She became an icon in the Tamil, Telugu, Kannada and Malayalam film industries, wearing the rare bikini and going, literally, where others trembled to go. Her innate dress sense made sure that it wasn't just her figure that was showcased but also the clothes.
It's said that she charged around Rs 50,000 for a single song and shot two or three songs at one go. At one point, she was earning more than the top heroines of the period. Barely a film was made without a sensuous number from her (regardless of how relevant it was to the film).
Producers and directors waited in line to get an audience. There was even a movie tailor-made for her: Silk Silk, Silk, which had her playing all three roles. She managed to make her mark in movies such as Yamakinkarudu (1982), Khaidi (1983), Challenge (1984), Layanam (1989) (remade in Hindi as Reshma Ki Jawani) and Adharvam (1989).
It wasn't difficult to see why she was labelled a soft-porn actress; what "roles" she got focused on one and only one aspect. And yet, Smitha could throw you for a loop when she chose and when character-oriented roles actually came her way. Veteran director Bharathiraja cast her as a wife who goes against her fearsome husband in Alaigal Oivathillai. She wore only sarees in the film and displayed not an iota of sexuality. And yet she managed to give other actors a run for their money.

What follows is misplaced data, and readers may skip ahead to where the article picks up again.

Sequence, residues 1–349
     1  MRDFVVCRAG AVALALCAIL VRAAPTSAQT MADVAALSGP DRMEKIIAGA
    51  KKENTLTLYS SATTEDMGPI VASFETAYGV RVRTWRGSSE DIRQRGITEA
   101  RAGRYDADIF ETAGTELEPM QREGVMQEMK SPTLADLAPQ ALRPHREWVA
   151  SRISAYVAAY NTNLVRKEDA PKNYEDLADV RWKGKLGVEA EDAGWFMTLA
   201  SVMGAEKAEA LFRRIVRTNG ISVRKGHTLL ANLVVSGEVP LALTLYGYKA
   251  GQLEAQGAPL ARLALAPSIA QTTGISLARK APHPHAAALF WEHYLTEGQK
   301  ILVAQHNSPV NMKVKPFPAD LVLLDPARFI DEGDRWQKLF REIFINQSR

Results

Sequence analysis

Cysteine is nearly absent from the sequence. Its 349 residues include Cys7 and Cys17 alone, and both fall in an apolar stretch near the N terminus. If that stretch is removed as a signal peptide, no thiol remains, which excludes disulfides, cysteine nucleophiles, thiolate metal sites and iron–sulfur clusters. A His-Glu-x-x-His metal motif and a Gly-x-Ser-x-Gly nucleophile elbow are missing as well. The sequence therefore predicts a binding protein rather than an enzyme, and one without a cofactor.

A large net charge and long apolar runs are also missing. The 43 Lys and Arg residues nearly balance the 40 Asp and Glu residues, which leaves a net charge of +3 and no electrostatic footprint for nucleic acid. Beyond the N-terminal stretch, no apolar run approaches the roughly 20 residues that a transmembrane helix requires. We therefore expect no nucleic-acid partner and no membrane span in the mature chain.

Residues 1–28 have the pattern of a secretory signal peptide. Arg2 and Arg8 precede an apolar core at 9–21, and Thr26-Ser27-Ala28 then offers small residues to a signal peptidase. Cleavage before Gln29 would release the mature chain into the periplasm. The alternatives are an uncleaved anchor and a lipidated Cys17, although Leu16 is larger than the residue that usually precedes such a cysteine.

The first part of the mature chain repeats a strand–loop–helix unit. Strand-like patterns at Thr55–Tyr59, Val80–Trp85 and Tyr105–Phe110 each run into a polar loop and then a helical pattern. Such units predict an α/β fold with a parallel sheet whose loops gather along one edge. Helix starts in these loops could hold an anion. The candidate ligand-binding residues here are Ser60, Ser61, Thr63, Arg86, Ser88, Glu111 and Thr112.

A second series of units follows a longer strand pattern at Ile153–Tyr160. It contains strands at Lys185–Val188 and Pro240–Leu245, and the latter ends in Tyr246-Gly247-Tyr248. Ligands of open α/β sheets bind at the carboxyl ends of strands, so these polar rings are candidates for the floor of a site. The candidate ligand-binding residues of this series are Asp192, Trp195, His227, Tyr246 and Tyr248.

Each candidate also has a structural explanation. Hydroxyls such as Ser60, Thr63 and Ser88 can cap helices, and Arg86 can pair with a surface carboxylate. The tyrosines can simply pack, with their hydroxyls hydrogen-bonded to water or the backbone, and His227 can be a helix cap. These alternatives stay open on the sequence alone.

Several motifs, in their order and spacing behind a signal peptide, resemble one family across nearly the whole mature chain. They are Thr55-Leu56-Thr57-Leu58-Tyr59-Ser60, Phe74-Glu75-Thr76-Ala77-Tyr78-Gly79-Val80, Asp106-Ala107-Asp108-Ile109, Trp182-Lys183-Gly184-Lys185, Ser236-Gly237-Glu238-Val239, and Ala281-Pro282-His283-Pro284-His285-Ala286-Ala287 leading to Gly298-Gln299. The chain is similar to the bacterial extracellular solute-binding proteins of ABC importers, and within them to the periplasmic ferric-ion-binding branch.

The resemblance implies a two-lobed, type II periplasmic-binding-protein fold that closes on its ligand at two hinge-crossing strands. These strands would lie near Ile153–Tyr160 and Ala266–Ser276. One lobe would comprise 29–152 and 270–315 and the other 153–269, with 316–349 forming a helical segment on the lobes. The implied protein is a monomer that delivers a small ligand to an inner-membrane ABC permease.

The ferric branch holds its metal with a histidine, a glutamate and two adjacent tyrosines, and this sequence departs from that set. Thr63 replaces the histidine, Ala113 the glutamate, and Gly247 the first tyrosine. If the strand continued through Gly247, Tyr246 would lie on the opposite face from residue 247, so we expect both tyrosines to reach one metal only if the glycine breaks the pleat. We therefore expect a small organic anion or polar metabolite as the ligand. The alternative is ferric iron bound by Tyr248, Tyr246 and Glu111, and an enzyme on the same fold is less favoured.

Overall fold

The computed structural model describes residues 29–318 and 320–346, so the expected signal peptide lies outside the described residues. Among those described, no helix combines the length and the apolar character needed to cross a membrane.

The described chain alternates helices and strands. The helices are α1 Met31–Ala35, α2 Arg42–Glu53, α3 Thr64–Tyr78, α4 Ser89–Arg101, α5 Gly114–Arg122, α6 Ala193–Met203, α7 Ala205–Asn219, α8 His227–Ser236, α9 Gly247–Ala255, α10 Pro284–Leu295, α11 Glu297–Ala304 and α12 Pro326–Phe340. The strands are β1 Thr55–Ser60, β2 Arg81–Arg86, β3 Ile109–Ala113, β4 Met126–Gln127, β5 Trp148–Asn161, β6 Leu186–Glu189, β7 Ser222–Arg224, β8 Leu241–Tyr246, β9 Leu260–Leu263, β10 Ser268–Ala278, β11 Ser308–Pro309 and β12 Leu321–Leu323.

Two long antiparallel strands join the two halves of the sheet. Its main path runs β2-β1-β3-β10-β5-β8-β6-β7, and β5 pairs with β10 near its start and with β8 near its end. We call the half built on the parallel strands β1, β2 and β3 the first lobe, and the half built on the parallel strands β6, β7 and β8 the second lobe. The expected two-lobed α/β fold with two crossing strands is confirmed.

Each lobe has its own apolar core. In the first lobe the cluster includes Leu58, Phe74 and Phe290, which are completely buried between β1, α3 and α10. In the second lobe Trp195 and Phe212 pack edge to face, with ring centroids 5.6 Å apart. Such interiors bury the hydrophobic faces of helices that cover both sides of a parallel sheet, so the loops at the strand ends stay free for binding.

Isolation and Alcoholism
She acted with practically every big star from Kamal Haasan to Rajnikanth and Chiranjeevi in a matter of years. But her private life was more troubled. Love affairs never went anywhere, financial issues almost ruined her productions and she began to suffer from chronic depression.
In the 1990s, the industry began to change as well: heroines were no longer confined to "chaste" roles and did roles that were once the mainstay of the 'vamps'.
Smitha was no longer a front runner in the lists. Not that her appeal grew any less, but the world, it seemed, had moved on. Smitha was seen less and less on-screen; her debts, caused mainly by a live-in boyfriend, sank two films and scuppered a third. Smitha had grown accustomed to a particular lifestyle, certain standards that she expected, but which a dwindling career could not really support.
On September 23, 1996, tragedy struck. The southern industry's "Silk" hanged herself after leaving a suicide note in Telugu saying that she'd had enough and was giving up.
Inevitably there was some debate about whether this was a genuine suicide, or whether it had been engineered by those who didn't wish her well. In the end, it was ruled a suicide, the explosive end of a high-profile woman who found herself backed into a corner.
In one of her more memorable movies, Neengalum Herothaan, Silk Smitha plays herself, a dream-girl come to a tiny village for a shooting, being gawked at by every man, from sixteen to sixty, wined and dined by the bigwigs and solicited by everyone. Except for the women, of course, who won't have anything to do with her. Frustrated and saddened, Smitha lashes out at them. "Why does everyone see women like me as a product? Why does no one consider us human beings as well, with emotions and feelings?"
That, you suspect, is a question that haunted her to the end.